Chickens

Blizzard Niko Visits the Chicken Coop

Blizzard Niko
The day after the Blizzard Niko. I’m always amazed at how brilliant the sun shines on days after the storms. It’s now just beginning to rise.

We have had quite the weather this past week. Two days ago Blizzard Niko hit the East Coast and Cape Cod- where we call home. We lost power during the middle of the storm and that night among candlelight and flashlights, we had a simple family dinner consisting of cereal and peanut butter sandwiches. The snow was wet and heavy mixed with rain and the winds were whipping. Trees and power lines were down. As we prepared to go to sleep for the evening, we bundled up. It was 15 degrees F. outside and inside we had already dropped to 55 degrees F. We hunkered down for the night and the unknown.

At 2 am I woke to the joy of warm abundant air blowing through the heating vents. Thankfully, the power had been restored. The next morning I could not wait to get out and see the chickens and how they did in the storm. My greatest fear was that their water was frozen solid. Even though the girls have a heated waterer, I did not want to have to thaw out that big ole jug that I had refilled the night before. A five gallon frozen block of ice would have been the pits. Out I journeyed…

Surprisingly, everyone had “weathered” Blizzard Niko just fine. Although, they do dread stepping onto that darn white stuff!  The feel such an urge to fly over it. Eventually, I raked a path of dirt for them.

Going into the weekend, we find ourselves now bracing for the next blizzard to hit Sunday afternoon into Monday evening. I sure hope we don’t lose power again. Last night, we got about 4 more inches of snow– light and fluffy and wonderfully beautiful.  The girls laid four eggs for us and one was still warm.

Still warm and wet with the bloom (in my dust covered hands from tossing scratch in their run).

To learn more about caring for the flock during winter, please visit- Should I heat my Coop in Winter? and my top Winter Boredom Busters.

  • Sharon Rowley Johanson

    Hopefully today and tonight will just be rain. The water in my coop didn’t freeze either but I always worry about that.

  • Marian from England

    Hi Melissa! We loved your short video of visiting your hens after the blizzard, it was lovely! How amazing they are, they seem to take it all in their stride. We have only had a flurry of snow here in South West England (Wiltshire) so we feel for you having the power cuts and such low temperatures. Our three girls are having to be kept in their run all the time as well, due to the Avian Flu outbreak. Fortunately, we are not in a high risk area but still must take good care and follow the guidelines. DEFRA are reviewing the situation on 28 February. I hope you don’t have this nasty virus arrive on your door step. We’ve bought another white tarp that fits over the pointed roof of our run, to help keep it dry and to protect it from the wild birds. Yours seems to do a great job and it was in searching for tarps for runs that I discovered your blog! Am enjoying following your posts and on IG. Good luck with the weather this week. x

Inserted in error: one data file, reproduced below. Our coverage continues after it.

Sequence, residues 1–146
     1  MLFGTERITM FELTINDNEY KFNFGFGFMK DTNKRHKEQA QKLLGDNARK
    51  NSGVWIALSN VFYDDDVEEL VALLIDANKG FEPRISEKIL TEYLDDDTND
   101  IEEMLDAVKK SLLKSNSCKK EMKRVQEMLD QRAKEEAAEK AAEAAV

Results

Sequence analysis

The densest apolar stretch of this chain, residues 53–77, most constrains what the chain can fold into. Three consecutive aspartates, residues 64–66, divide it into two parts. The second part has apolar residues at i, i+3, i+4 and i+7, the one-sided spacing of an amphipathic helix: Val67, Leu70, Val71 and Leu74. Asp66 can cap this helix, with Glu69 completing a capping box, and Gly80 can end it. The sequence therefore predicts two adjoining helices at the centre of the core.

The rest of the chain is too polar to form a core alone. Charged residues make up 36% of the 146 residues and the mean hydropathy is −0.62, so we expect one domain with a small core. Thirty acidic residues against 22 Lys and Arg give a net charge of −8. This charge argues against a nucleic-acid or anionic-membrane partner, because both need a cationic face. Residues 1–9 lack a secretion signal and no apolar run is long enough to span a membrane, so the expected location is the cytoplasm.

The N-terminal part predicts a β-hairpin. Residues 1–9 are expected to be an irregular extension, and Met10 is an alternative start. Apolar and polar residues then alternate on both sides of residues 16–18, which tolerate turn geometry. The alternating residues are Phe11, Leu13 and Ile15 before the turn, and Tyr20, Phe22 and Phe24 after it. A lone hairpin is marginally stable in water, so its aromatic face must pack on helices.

• Linda

    Glad you guys did not sustain bad damage or nobody got hurt. Down here in Va. we have been so lucky . It was so pretty but tonight we are having wind gusts of 60MPH! It is rough! I am hoping all the trees around hold up. We usually lose our power too, so my heat goes out to you. Your girls are beautiful! Aren’t all healthy babies , though? ~smile~

    • Oh Linda, Thank you for the well wishes. We weathered through just fine. We do indeed love our babies. Thanks for the compliments on my girls. I’ll have to let them know 😉

      • Linda

        I see where they are talking about you might get more this week??? Good luck. My feather-babies have all been doing good and enjoying their pretty weather we had while you guys suffered.